Either Christ on the cross for our sins or he did not. But if you look at this particular example, that is a very powerful experience that Moses had with God. Moses experience at the Burning Bush was a very formative experience in Moses life. If he were to sit down and talk phenomenal logically about his life before God, he would probably share about this experience. So the Bible records the experience. Now, the minute of the Bible records the experience, it does not vacate that experience of its power. It simply records it. It either happened or it didn't happen. If it did not happen, then most didn't have the experience. If Moses did have the experience, then it can be talked about and discussed. And therefore recorded in a book or a book of revelation. So the experience of people who actually had experience with God and encounters with God, whether it be on Mount Carmel or the burning bush or at the foot of the cross. These experiences have been articulated and revealed in Scripture and then given to us for various purposes. And so to kind of act as if these two things are separate and the oh, well, you know, you don't give me your book of scripture because what we really want to talk about is experiences. Well, the Bible is full of experiences, recorded experiences in many ways. Our own experience before God is understood through the lenses of what we read in Scripture and even our own experience can be spoken out propositional. If you say, I had a vision in 1992. Well, okay, that's an experience that you had. It either happened or didn't happen. And so even in our own experience, as we talk about things and give testimonies about things, we are in a sense, giving an oral record of what happened that you're currently not experiencing.


And so the idea somehow or another, we can't talk about religious experiences in any way tethered to Revelation and books, Revelation, Bible and all of this is completely fallacious. I think probably the most insightful discussion of this point for book View on this is by Harold Nettleton, entitled Dissonant Voices. It's widely believed to be one of the best books on the subject of what is the relationship of propositional truth to religious experience. He's a professor at Trinity. Very, very able writer Harold Netherland in 80 L.A., and it's in our library called Dissonant Voices. And he talks about different religious traditions and how they how they encounter and talk about God and in his case, his expertise in area Buddhism. Okay. Any comments or question? I want to kind of discuss maybe a fourth view, but let me just stop and see if we have any questions or comments. Yes. How. Well, the discontinuous view would say that supernatural occurrences simply cannot occur by definition, other religions, because God is not active in Islam and therefore didn't happen. One. One of the problems with that, just a critique as we go, is that the Koran borrows quite heavily from the Old Testament and the Koran records what we ourselves believe and the Jewish religion believes that our supernatural revelations of God. So when the Koran records, for example, the chances of passage of the Red Sea. That's a supernatural occurrence that has to be reckoned with, and yet it's revealed in the context of the Koran. So there's problems with that. But this continues. We would not want to discuss that. The fulfillment, you would see definitely the possibility that God would reveal himself supernaturally to people. But what I would say is that if God takes initiative and the male residents of the world or whoever to reveal himself or to heal somebody, even apart from a Christian worker, that is all for the purpose of pointing them to Christ.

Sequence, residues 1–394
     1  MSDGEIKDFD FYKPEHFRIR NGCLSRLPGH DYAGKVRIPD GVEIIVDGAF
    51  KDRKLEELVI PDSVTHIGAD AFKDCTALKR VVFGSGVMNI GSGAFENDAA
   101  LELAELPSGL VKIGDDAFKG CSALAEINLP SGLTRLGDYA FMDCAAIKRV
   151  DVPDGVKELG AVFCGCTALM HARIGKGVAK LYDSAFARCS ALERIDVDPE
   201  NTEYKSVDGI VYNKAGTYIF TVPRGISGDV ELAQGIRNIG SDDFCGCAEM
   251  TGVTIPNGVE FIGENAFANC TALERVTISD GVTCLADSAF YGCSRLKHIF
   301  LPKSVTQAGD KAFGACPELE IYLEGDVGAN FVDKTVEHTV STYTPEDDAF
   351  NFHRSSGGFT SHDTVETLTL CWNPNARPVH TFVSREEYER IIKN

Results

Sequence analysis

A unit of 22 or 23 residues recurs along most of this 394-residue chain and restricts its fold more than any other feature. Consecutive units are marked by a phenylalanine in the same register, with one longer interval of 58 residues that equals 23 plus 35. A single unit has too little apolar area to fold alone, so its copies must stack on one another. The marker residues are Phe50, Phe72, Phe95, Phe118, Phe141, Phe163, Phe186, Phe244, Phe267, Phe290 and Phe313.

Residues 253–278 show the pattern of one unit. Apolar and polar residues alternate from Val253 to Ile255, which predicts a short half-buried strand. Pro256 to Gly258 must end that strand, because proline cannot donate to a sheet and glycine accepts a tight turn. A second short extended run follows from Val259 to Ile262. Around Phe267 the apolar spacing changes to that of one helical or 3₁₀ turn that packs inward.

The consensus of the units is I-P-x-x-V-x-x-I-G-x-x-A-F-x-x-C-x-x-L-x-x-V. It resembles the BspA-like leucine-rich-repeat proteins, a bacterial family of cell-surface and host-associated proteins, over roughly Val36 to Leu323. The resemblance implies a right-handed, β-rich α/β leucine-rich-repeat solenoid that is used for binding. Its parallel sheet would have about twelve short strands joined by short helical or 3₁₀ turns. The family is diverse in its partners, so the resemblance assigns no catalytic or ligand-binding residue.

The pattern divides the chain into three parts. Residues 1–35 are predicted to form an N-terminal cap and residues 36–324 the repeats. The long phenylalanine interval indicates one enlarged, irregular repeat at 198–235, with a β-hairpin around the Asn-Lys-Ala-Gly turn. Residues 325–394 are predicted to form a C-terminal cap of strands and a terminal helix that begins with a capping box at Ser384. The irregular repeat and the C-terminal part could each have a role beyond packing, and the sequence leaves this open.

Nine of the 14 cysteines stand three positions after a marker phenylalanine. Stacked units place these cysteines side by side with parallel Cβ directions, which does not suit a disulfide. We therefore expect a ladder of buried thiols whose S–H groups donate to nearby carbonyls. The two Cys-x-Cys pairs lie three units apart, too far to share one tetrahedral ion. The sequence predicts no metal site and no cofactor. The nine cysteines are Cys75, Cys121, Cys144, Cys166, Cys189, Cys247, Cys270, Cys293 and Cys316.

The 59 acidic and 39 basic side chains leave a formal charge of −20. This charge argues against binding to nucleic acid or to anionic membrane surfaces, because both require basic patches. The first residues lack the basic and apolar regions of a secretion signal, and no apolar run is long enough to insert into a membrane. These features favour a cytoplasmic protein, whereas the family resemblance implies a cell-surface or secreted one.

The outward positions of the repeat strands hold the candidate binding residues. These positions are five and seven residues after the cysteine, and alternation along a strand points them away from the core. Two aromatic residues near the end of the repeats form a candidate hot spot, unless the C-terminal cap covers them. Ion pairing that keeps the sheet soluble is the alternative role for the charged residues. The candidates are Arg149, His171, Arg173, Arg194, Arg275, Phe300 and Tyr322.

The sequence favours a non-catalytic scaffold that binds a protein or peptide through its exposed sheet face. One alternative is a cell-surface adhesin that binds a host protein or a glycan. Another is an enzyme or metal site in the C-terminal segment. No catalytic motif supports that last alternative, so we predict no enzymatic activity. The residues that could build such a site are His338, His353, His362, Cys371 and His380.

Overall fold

And it will have no there's no way any amount of revelation or supernatural occurrences can possibly be salvific. Only Christ can save. And therefore, somehow this has to be fulfilled in Christ. The modern day version of this is been mainly through Carl Reiner. I think he's on the opposite end of like Ann Richards and Carl Reiner, the Catholic theologian, basically said that everybody in the world is an anonymous Christian. They don't realize what God's done for them in Christ. And so when they when they Hindu falls down in genuine faith, puts his faith in Krishna, that God will count that as faith in Christ. And that's like the ultimate kind of example of how this this view has gone in modern theology. But they in principle would accept the possibility. The dialogical view was quite open to the possibility that this would happen equally everywhere. So they would say that the fact that the Hindus believe that there is this eternal, what they call the UN struck sound, which is resonant of the universe from Brahman, their ultimate reality word that is just as supernatural for them and as authentic as are saying that the incarnations occurred. So they would put that on equal footing. Yes, Wendy. Right. It's actually only the Christian kind of representatives within the dialogical view that talk about God working outside the covenant because the people in a muslim context are not acknowledging any normative ness of the Jewish covenant or anything else. So they would say there are either that their God is working generally, or there could be many covenants that God made with people and reveal himself. What they would generally say, though, is that the covenantal idea is something the Jews have projected on to God.